"amusement services,"even though this term is not used
in the ordinance in question. This use becomes
extremely questionable given the Borough's reliance on
cases in which a statute specifically provides for
taxation of "amusement services." See Chilivis v.
Fleming, 228 S.E.2d 178 (Ga. App. 1976). The ordinance
in question provides only for taxation of "any
nonexempt sale of services, rentals or tangible
personal property." KGB 45.20.005.
Further, the language of the Borough Code itself
militates against the Borough's expansive
interpretation. The ordinance does not define
"services." However, it does define "remuneration for
services" to mean "gross remuneration received for
furnishing labor and materials for accomplishing a
specified result." KGB 45.20.005. Dilley has not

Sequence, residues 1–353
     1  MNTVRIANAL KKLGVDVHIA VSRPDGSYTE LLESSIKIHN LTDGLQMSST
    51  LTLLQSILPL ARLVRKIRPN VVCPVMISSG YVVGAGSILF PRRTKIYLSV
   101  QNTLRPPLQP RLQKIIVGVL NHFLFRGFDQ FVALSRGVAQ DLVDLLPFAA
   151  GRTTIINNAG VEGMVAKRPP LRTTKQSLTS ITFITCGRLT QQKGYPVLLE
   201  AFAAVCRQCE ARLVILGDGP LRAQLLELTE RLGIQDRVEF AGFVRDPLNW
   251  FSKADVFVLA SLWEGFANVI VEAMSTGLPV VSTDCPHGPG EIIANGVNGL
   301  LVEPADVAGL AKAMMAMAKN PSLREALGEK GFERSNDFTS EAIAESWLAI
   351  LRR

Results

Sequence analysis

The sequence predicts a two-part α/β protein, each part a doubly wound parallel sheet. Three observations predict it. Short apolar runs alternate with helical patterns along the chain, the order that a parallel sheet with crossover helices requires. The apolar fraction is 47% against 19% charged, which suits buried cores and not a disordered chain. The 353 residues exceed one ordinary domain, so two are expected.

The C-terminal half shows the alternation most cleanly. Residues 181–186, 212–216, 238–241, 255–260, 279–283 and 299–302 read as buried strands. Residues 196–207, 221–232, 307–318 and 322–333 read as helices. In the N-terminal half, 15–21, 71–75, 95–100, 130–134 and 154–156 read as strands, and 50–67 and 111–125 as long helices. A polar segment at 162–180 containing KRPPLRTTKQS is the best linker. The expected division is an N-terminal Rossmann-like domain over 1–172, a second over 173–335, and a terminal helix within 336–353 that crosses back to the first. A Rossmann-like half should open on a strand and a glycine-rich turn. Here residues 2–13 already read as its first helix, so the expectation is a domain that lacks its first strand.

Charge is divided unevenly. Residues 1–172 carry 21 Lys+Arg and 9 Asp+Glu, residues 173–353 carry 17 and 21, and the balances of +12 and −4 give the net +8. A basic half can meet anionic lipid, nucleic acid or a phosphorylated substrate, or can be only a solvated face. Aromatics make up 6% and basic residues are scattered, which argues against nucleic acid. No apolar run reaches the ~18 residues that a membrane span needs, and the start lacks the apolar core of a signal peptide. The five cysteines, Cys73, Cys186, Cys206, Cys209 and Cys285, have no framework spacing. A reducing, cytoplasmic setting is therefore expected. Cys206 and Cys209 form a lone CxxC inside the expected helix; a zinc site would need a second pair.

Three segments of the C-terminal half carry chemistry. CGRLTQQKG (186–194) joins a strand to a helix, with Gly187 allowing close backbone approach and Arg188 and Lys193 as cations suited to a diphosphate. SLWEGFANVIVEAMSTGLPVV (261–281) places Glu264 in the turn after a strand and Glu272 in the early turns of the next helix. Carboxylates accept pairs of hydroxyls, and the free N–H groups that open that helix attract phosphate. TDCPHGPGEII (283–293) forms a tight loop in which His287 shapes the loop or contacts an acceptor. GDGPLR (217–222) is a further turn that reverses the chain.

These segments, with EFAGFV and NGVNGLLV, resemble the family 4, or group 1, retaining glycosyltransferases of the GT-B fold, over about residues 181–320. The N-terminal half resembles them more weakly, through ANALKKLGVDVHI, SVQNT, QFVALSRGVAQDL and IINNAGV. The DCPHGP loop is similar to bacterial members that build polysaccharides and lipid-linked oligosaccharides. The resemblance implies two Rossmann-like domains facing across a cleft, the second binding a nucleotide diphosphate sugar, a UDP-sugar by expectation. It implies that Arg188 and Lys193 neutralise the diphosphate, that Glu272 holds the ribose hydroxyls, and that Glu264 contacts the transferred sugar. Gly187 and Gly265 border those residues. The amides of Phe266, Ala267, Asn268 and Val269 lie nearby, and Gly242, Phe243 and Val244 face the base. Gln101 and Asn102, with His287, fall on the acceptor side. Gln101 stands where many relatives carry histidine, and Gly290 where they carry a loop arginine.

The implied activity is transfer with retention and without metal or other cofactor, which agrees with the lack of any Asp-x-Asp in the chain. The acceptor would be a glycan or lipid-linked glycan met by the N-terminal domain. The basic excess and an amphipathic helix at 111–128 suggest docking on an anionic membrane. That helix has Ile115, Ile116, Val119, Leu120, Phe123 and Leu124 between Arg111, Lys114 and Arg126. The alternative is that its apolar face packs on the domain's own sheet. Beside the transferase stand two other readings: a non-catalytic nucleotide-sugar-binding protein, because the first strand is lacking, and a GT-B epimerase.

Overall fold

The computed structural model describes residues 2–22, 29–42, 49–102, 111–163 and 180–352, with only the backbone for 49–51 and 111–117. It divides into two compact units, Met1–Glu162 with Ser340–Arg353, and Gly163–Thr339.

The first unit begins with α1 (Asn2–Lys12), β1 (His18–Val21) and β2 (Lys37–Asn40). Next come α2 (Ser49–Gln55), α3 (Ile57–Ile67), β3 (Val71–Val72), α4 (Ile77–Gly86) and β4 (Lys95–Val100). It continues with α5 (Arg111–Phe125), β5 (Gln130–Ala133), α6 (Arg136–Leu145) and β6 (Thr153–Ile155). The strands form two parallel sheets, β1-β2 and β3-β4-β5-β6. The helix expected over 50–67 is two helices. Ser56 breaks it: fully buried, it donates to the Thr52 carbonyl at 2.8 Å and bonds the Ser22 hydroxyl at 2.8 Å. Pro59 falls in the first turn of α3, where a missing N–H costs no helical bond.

furnished labor and materials for a result specified by
3. Dilley confuses the issue somewhat by focusing on the
relationship between the non-profit organization and
the pull-tab operator. While it is true that the
transaction between these parties falls within the
definition of "services for remuneration,"this point
is irrelevant. The transaction at issue is the sale of
pull-tabs to individual pull-tab patrons.
4. Responding to the Borough's characterization of pull-
tab sales as a service, Dilley points out that the sale
of any intangible personal property can be so
characterized. For example, a broker's sale of stock
can be construed as an "investment service," and a
banker's sale of a certificate of deposit as a "banking
service." However, such characterizations ignore the
underlying nature of the property involved.
5. The superior court's attempt to distinguish Hillstrom
is unpersuasive. The superior court suggests that
Hillstrom addressed only whether race track tickets
were tangible property, not whether the sale of such
tickets represented a service. However, the superior
court ignored Hillstrom's discussion of the nature of
the property involved.